When I was programming in C#, using Visual Studio, NUnit, and NCrunch, we wrote TDD style unit tests. Not only did we have pretty good unit test coverage (about 70%), writing the tests was actually fun. Yes: fun. (Now only if I could put that in a 96 point font, with the blink tag.)
I attribute the fun factor entirely to NCrunch: it is pure magic. When writing TDD style unit tests becomes fun, unit tests get written.
These days I'm programming in C++. By-and-large, we don't have unit tests. We do have a few, but not many, using Google Test. Writing unit tests in C++ is not fun. There's nothing equivalent to NCrunch for C++. Google Test or alternatives like Boost Test Library are awkward to use, even though they are well thought out... they're still a bolt-on to the language and rely heavily on a lot of macro-magic to get the job done. But doing TDD style "write the test, run-and-fail the test, write the code, run-and-pass the test, refactor the code, run-and-pass the test, check-in" cycle doesn't work when the compile-then-run-tests takes 20 minutes. :sad panda: (C++20 will have contracts, which will help a lot. Funky syntax, though.)
One of my favorite languages is D. Two neat features of D is that it has contract support built into it, and unit testing built into it. Between those two features, I found writing the precondition contracts, postcondition contracts, and invariant contracts to be fun, and writing the unit tests to also be fun. Having contract support means there are a lot of simple sanity unit tests that do not need to be written, so the quantity of unit tests is a lot smaller. The syntax is very straightforward, and since it is part of the core language one doesn't have to get the team to agree upon some bolt-on unit testing framework.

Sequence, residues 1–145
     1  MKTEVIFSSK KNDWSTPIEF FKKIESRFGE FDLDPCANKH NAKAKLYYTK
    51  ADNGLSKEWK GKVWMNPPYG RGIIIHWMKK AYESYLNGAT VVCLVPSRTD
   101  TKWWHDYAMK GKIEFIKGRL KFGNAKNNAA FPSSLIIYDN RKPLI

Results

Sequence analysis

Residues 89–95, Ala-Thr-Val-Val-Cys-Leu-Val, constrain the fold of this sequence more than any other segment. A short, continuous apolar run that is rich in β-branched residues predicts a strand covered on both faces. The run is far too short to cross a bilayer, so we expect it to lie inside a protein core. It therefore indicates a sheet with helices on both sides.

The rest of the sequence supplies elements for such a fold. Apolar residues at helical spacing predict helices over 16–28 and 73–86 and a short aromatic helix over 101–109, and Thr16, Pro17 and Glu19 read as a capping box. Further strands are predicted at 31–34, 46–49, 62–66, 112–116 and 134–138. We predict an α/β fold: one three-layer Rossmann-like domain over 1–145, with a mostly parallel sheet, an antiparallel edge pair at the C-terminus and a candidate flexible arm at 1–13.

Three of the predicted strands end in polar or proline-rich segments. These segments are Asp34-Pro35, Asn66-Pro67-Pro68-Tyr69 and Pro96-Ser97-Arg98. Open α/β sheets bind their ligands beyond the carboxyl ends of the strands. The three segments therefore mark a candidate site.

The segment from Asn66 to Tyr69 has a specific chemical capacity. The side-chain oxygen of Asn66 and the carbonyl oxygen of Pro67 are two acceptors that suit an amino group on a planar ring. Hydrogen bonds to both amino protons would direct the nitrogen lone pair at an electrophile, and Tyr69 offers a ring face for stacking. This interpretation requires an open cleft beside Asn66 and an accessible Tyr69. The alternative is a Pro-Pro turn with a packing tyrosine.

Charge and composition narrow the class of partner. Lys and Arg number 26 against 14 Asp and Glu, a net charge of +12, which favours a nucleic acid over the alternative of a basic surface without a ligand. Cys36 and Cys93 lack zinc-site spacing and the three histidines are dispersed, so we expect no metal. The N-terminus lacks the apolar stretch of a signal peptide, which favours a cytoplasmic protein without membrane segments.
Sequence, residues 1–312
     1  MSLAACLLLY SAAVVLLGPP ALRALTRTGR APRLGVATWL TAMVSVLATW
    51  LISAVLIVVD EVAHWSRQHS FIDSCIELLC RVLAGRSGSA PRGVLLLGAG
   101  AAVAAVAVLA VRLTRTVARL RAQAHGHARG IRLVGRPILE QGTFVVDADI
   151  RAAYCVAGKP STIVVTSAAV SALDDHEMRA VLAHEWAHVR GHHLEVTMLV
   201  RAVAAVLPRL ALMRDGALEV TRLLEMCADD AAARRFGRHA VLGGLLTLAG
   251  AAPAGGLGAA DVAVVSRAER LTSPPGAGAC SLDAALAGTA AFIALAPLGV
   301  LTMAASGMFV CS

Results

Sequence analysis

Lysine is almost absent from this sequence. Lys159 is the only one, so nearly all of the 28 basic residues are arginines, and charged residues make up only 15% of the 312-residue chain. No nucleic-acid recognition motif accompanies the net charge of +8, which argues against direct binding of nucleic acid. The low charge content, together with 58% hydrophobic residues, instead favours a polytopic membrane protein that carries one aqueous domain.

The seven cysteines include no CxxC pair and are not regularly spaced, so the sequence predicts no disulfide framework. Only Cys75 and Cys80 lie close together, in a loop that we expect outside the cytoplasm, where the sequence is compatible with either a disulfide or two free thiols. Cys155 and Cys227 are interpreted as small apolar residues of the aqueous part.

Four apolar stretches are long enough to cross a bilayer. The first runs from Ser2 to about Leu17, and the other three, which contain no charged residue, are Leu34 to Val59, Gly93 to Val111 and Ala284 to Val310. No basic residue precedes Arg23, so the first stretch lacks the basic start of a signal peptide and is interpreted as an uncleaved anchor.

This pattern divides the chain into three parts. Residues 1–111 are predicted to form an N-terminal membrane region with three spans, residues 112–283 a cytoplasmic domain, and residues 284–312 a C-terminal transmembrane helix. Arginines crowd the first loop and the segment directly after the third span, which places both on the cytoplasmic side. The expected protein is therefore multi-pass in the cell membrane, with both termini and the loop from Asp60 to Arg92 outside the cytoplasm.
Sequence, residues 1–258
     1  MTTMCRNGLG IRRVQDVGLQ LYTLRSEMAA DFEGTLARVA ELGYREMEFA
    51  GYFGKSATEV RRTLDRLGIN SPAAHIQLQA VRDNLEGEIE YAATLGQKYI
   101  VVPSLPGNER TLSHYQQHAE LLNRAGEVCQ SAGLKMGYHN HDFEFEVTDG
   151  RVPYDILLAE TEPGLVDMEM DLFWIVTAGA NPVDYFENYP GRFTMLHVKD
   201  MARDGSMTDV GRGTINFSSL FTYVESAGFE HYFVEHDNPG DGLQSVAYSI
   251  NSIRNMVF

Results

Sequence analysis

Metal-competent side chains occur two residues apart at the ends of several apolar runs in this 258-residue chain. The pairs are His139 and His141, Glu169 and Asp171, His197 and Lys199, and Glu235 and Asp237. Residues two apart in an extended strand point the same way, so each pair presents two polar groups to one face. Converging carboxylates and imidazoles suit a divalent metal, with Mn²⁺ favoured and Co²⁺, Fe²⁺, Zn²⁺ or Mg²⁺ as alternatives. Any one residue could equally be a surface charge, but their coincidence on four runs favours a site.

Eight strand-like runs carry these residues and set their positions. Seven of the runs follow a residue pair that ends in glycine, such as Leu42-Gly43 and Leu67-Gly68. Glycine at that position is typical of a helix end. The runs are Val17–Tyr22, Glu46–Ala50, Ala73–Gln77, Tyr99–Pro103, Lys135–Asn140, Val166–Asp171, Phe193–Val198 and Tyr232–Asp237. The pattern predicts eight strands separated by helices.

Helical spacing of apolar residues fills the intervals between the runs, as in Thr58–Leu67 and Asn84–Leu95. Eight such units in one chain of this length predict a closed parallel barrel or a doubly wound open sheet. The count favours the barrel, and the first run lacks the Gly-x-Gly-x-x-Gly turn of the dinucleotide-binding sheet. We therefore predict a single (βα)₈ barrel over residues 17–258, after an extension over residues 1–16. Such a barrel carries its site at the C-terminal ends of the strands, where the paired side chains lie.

For me at least, the upshot is: some languages that are much more amenable to TDD style unit testing. Other languages do not lend themselves to TDD style unit testing.
Unit tests (as a residual value) ensure basic correctness, especially for procedural and object-oriented programming wherein ensuring basic correctness is otherwise difficult. They are no substitute for automated integration tests and automated system tests. And, vice versa, integration and system tests cannot be used as a substitute for unit tests. Different domains, by different people, for different purposes. Unit tests are written by developers primarily as a design tool to aid development, with residual value as a regression suite to ensure basic correctness. (Regardless of TDD style unit tests, projects still need architecture. Unit tests are design-in-the-small.) Integration tests and system tests are written by quality engineers primarily to ensure the separate parts work together as expected.
PS: when I say "unit test" I mean that in the TDD sense. To me, things that are not TDD style unit tests are not unit tests, but the term "unit tests" is commonly used in the industry to refer to things that I would categorize as integration tests, or system tests, or performance tests, or security tests, or smoke tests, or usability tests, or acceptance tests, or bug regression tests (which are a usability tests variant). Best to be aware of the possible miscommunication due to same terminology with different semantics.
While I have given up on TDD, I have to say that with the Catch family of unittesting frameworks (currently I am using doctest) C++ has the nicest unittest experience for me. To the point that I do miss doctest when programming in python.
I've looked at Catch before. I like it, nice to see that Catch2 is still an ongoing endeavor. It is straightforward and easy to jump in and start using right away.
The single-header-file approach helps to lower the barrier to entry.
(I wouldn't use its BDD style syntax for unit tests. But that's just me, and it's a take-it-or-leave-it, so easy enough to opt-out.)
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